Scheduling Forensics Series
Pick a medium to large size completed construction project at random. Assemble the project schedule and all of its updates. Compile the out-of-sequence (OoS) and relationship type metrics. If you analyze the metrics, you’ll almost always find two things: a) activities that were performed out of sequence, and b) a strong correlation between out-of-sequence change increasing over time, Start-to-Start and/or Finish-to-Finish relationship types trending up over time, and project cost overruns.
An activity OoS condition occurs when a successor activity’s actual start and/or finish date violates any of the restrictions imposed upon it by relationships, or physical date/resource constraints. In a simple example if activity B has a Finish-to-Start Predecessor A with zero lag (FS=0) and activity B was progressed with an actual start date that occurred before activity A’s actual finish date, then activity B is an Out-of-Sequence activity.
The reason an OoS condition occurs may be one or more of the following:
- Bad or unrealistic planning which causes activities not to be performed according to plan.
- Changed execution without being pre-modeled in the schedule, which in turn may be indicative of:
- Project team’s inability to follow plan,
- Too many disruptions that are too frequent to plan around and reflect in a workable schedule, or
- Too many outstanding issues that create too much uncertainty to plan remainder of the work.
- Schedule activities’ scopes are vague or too general. When a schedule activity scope is vague, its actual start and finish dates are often hard to pin-point. When a schedule activity is too general, modeling its relationships is tricky and sloppy at best.
If modeling what actually happened on a project is necessary for the specific type forensic analysis being performed, then it becomes necessary to identify and remedy OoS activities.
Remedying OoS activities after the fact entails one or both of two methods, depending on the OoS condition(s):
- Narrowing the scope of the activity in question by splitting it into two or more activities. That also requires adding relationships and changing some of the existing relationships to model actual progress or exact as-built sequence,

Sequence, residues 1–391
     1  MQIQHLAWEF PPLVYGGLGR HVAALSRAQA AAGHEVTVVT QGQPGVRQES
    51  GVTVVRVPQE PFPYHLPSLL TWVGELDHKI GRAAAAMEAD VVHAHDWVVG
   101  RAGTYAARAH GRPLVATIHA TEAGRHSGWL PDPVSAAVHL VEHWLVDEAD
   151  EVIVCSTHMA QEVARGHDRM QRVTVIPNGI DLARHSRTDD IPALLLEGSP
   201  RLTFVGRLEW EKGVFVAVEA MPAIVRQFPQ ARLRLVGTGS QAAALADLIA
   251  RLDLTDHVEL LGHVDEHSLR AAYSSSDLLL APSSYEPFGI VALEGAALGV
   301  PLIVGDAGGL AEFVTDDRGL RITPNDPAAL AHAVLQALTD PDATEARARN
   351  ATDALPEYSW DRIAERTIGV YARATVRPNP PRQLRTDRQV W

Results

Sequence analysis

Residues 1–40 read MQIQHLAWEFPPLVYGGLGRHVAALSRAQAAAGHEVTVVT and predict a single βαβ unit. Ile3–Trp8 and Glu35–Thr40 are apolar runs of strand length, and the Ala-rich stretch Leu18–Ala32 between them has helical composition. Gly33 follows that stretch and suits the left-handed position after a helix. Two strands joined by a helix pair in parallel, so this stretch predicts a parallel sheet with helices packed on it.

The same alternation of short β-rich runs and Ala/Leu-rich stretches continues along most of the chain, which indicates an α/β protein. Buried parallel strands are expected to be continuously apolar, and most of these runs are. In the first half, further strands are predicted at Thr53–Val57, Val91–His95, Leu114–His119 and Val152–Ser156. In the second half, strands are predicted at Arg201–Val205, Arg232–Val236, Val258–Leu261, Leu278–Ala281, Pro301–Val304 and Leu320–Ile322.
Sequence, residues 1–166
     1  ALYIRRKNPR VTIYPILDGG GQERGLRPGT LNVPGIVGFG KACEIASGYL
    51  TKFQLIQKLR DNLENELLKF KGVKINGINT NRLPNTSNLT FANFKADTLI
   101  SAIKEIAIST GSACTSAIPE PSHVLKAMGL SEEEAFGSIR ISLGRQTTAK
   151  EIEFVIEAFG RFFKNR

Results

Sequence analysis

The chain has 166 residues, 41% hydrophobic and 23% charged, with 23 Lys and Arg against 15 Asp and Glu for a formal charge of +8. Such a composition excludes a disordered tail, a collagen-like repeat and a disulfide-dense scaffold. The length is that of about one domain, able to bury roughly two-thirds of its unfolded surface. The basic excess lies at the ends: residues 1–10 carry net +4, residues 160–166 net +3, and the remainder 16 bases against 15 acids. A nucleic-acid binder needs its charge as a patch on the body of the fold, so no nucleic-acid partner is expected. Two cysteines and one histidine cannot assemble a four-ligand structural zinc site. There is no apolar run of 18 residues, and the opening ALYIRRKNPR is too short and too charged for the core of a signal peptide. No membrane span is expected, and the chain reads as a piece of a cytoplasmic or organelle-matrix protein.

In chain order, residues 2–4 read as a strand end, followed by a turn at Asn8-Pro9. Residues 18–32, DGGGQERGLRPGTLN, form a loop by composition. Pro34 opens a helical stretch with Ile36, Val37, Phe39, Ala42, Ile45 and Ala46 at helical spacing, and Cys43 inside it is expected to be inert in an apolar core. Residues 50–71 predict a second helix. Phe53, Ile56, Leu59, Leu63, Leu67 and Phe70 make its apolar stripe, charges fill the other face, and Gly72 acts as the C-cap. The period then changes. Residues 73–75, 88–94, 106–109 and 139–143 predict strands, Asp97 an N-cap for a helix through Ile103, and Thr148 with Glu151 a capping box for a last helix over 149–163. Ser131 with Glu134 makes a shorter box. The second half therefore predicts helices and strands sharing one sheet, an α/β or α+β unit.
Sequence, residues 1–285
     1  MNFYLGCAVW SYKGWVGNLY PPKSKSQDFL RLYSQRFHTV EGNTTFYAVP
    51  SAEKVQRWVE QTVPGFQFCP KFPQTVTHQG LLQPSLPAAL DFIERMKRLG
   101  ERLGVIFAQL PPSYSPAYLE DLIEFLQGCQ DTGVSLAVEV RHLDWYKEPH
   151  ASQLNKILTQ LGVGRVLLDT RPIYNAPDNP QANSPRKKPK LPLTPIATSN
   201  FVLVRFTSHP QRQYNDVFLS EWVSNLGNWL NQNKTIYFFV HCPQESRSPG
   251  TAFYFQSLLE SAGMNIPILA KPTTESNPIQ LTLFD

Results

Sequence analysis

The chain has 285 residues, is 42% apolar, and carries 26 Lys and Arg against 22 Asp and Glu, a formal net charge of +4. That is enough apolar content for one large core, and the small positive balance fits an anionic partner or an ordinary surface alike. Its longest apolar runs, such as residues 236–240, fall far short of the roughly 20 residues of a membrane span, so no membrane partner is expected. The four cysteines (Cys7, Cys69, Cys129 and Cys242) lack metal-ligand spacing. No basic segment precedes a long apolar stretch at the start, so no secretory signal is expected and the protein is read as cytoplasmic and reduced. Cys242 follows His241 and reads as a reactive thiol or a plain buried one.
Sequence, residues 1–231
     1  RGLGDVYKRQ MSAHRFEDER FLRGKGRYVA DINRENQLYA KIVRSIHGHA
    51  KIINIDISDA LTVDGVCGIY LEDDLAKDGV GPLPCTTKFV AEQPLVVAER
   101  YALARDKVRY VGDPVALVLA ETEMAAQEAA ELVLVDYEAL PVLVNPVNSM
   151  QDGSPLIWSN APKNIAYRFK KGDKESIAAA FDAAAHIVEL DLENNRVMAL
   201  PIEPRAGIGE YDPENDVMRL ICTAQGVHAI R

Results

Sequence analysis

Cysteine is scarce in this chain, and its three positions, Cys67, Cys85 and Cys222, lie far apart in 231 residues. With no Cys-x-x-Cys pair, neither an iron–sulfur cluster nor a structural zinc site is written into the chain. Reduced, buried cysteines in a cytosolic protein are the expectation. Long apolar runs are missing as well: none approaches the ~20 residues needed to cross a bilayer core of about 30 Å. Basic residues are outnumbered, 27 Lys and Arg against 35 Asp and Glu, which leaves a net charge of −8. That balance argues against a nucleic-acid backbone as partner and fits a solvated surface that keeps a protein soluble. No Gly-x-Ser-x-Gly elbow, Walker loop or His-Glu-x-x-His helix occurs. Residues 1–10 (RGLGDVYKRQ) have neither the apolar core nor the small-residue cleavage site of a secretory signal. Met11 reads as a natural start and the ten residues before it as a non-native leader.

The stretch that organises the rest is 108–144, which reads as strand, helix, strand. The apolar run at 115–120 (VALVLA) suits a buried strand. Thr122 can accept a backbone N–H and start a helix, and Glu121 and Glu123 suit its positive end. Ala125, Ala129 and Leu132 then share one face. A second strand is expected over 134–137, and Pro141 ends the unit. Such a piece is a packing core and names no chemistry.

- Changing types of relationships and their lags. Typically, a finish-to-start relationship with zero lag is replaced with a pair of start-to-start with some lag and a finish-to-finish with some lag.
In order to remedy OoS activities it is necessary to identify every OoS condition that occurred on the project, along with its type.
It is worth noting that the leading scheduling software does not adequately identify and list all OoS activities. P6, for instance, is content with listing only OoS activities that occur around the data date. If an OoS condition occurs in between two schedule updates data dates without either of the OoS-causing relationship activities touching or crossing the two data dates, then P6 calculation logs will not identify OoS conditions that may be associated with such activity.
An advanced forensic analysis software will be required to identify and trend OoS conditions and their types.
Trending OoS activities over the course of the project execution cycle is important for a first look at whether the project was executed substantially per plan, whether it only experienced periods of issues, or whether it was totally executed off-script. Such information allows the analyst to quickly focus on specific periods, or even specific types of operations, depending on the sophistication of the analysis filters.
Trending details of OoS conditions, such as identified specific period, types of operations, and/or types of OoS conditions may be crucial in helping the analyst establish tangible likely causes/effects of disruptions, delays, or concurrency.
The ability to trend relationship type changes is equally as important in completing the picture above. A graph that shows finish-to-start relationships decreasing while start-to-start and/or finish-to-finish relationships increasing is an indication of attempts to remedy OoS conditions as they occur, as the result of contract requirements or attempted best practice. While the attempts typically fail to capture all of the OoS conditions, as discussed above, the resultant relationship type changes tell an equally as compelling a story as not having remedied them. The idea is whether or not the OoS conditions are remedied, their occurrence trends how closely a project was executed according to plan, and if not when and possible how and why.